Recent links of note:

Buried by the Ash of Vesuvius, These Scrolls Are Being Read for the First Time in Millennia”
Jo Marchant, Smithsonian Magazine

Time ravages all, and one would think that thousands of pounds of ash and debris from Vesuvius would hurry the process along. But x-ray experts at Diamond Light Source, the home of one of the most powerful imaging facilities in the world, hope to shine light on two thousand burned papyrus scrolls found in a villa on the Bay of Naples buried by Vesuvius in 79 AD. The estate’s library, called the Herculaneum and thought to have belonged to the father-in-law of Julius Caesar, was unearthed in the eighteenth century. Its texts, turned into little more than carbonized, coal-like blocks, are the remains of the world’s only collection of the original works of classical writers. The possible rewards of the project boggle the mind: a successful X-ray imaging of the blocks could reveal the handwriting of—perhaps even undiscovered works by—Pliny himself.

“With TV, Books and Film, Chopin Is Having a Moment”
Brenda Cronin, The Wall Street Journal

The release of two  biographies about Frederic Chopin is but the prelude of a great year for the composer (1810–49), who will also be featured in a biopic, among other upcoming Chopin-centered projects. Brenda Cronin’s quick catalogue of Chopin’s influence on both high art and popular culture may suggest that Chopin’s “moment” never ended; his lyrical melodies, folk music adaptations, and complex yet accessible composition style have made him a perennial favorite as a composer from the Romantic period. Regardless, enthusiasts have plenty to look forward to, including the possibility of an all-Chopin tour from the pianist Ruth Slencynska. For more on Chopin, read Jay Nordlinger’s New Criterion review of a masterful performance of Chopin by the pianist Daniil Trifonov.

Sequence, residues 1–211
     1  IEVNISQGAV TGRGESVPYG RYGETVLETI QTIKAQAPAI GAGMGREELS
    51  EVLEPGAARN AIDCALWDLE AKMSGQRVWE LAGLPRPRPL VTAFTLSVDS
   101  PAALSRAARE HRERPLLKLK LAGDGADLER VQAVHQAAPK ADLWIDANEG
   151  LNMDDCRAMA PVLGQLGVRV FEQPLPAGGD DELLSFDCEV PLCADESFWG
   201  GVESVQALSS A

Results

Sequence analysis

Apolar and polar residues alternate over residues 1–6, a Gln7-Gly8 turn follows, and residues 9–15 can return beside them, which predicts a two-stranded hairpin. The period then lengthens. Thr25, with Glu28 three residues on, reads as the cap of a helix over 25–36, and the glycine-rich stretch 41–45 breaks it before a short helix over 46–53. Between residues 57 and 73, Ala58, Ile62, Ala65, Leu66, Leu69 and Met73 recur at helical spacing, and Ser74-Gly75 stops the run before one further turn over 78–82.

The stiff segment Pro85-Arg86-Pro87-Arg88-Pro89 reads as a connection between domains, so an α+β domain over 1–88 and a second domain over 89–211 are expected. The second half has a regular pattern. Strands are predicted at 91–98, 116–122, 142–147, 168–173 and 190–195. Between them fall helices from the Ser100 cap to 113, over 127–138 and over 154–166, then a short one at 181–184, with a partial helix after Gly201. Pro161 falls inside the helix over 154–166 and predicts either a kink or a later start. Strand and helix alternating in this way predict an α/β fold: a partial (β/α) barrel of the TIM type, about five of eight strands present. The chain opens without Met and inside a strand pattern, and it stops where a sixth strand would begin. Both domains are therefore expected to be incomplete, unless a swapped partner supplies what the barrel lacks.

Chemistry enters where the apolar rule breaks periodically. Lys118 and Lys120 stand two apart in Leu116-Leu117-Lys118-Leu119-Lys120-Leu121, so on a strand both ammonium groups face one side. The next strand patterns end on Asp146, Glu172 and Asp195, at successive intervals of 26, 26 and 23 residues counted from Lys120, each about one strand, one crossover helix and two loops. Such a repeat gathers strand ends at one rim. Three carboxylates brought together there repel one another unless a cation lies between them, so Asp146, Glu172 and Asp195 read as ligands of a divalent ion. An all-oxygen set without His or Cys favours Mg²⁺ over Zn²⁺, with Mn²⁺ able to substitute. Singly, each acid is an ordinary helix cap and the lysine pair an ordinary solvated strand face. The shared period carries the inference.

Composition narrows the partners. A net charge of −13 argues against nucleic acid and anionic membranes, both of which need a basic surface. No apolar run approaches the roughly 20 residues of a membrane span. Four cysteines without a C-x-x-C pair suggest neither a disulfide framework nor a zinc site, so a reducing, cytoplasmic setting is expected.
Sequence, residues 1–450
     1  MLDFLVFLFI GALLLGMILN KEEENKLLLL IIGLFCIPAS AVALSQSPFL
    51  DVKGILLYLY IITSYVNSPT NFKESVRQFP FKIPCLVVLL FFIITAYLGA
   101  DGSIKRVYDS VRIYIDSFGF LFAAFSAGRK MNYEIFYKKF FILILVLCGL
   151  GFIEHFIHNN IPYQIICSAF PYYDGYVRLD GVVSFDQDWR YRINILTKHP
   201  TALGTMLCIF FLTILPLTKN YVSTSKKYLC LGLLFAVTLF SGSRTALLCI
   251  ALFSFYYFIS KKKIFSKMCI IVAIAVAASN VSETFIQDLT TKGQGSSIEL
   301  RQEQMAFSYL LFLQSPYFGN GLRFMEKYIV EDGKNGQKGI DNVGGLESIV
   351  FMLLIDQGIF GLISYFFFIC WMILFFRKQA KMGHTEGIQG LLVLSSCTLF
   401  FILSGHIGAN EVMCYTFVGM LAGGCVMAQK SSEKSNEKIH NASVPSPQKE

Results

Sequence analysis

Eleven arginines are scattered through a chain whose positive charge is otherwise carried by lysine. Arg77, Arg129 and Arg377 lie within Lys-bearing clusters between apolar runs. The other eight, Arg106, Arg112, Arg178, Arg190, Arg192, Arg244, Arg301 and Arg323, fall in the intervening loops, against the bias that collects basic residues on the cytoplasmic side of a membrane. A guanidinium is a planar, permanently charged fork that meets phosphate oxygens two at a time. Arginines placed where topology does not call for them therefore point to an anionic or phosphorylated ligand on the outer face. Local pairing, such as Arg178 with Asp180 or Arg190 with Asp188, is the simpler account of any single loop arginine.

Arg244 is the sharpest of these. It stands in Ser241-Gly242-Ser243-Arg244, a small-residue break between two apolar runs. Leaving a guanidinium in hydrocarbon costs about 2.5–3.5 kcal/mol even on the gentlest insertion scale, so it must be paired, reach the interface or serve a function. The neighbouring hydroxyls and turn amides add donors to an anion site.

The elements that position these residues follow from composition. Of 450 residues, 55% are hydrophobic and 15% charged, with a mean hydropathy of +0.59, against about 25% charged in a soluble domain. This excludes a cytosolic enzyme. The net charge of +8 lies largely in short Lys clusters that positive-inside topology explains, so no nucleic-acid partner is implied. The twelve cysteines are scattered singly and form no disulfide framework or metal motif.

“The TLS Map of Writers’ Homes”
Roderick Nieuwenhuis, The Times Literary Supplement

Many famous British writers immortalized their homes in literature. But how do our imaginations match up with reality? Where, exactly, was Dickens’s beloved country home, Gads Hill Place? We know Jane Austen lived for a time in Bath, but on which street? Where did Evelyn Waugh spend his final years? Scroll around on the map to discover all this and more. Those in the know on British literary residences can also contribute to the map via email.

From our pages:

“Boris? He was good enough”
Paul du Quenoy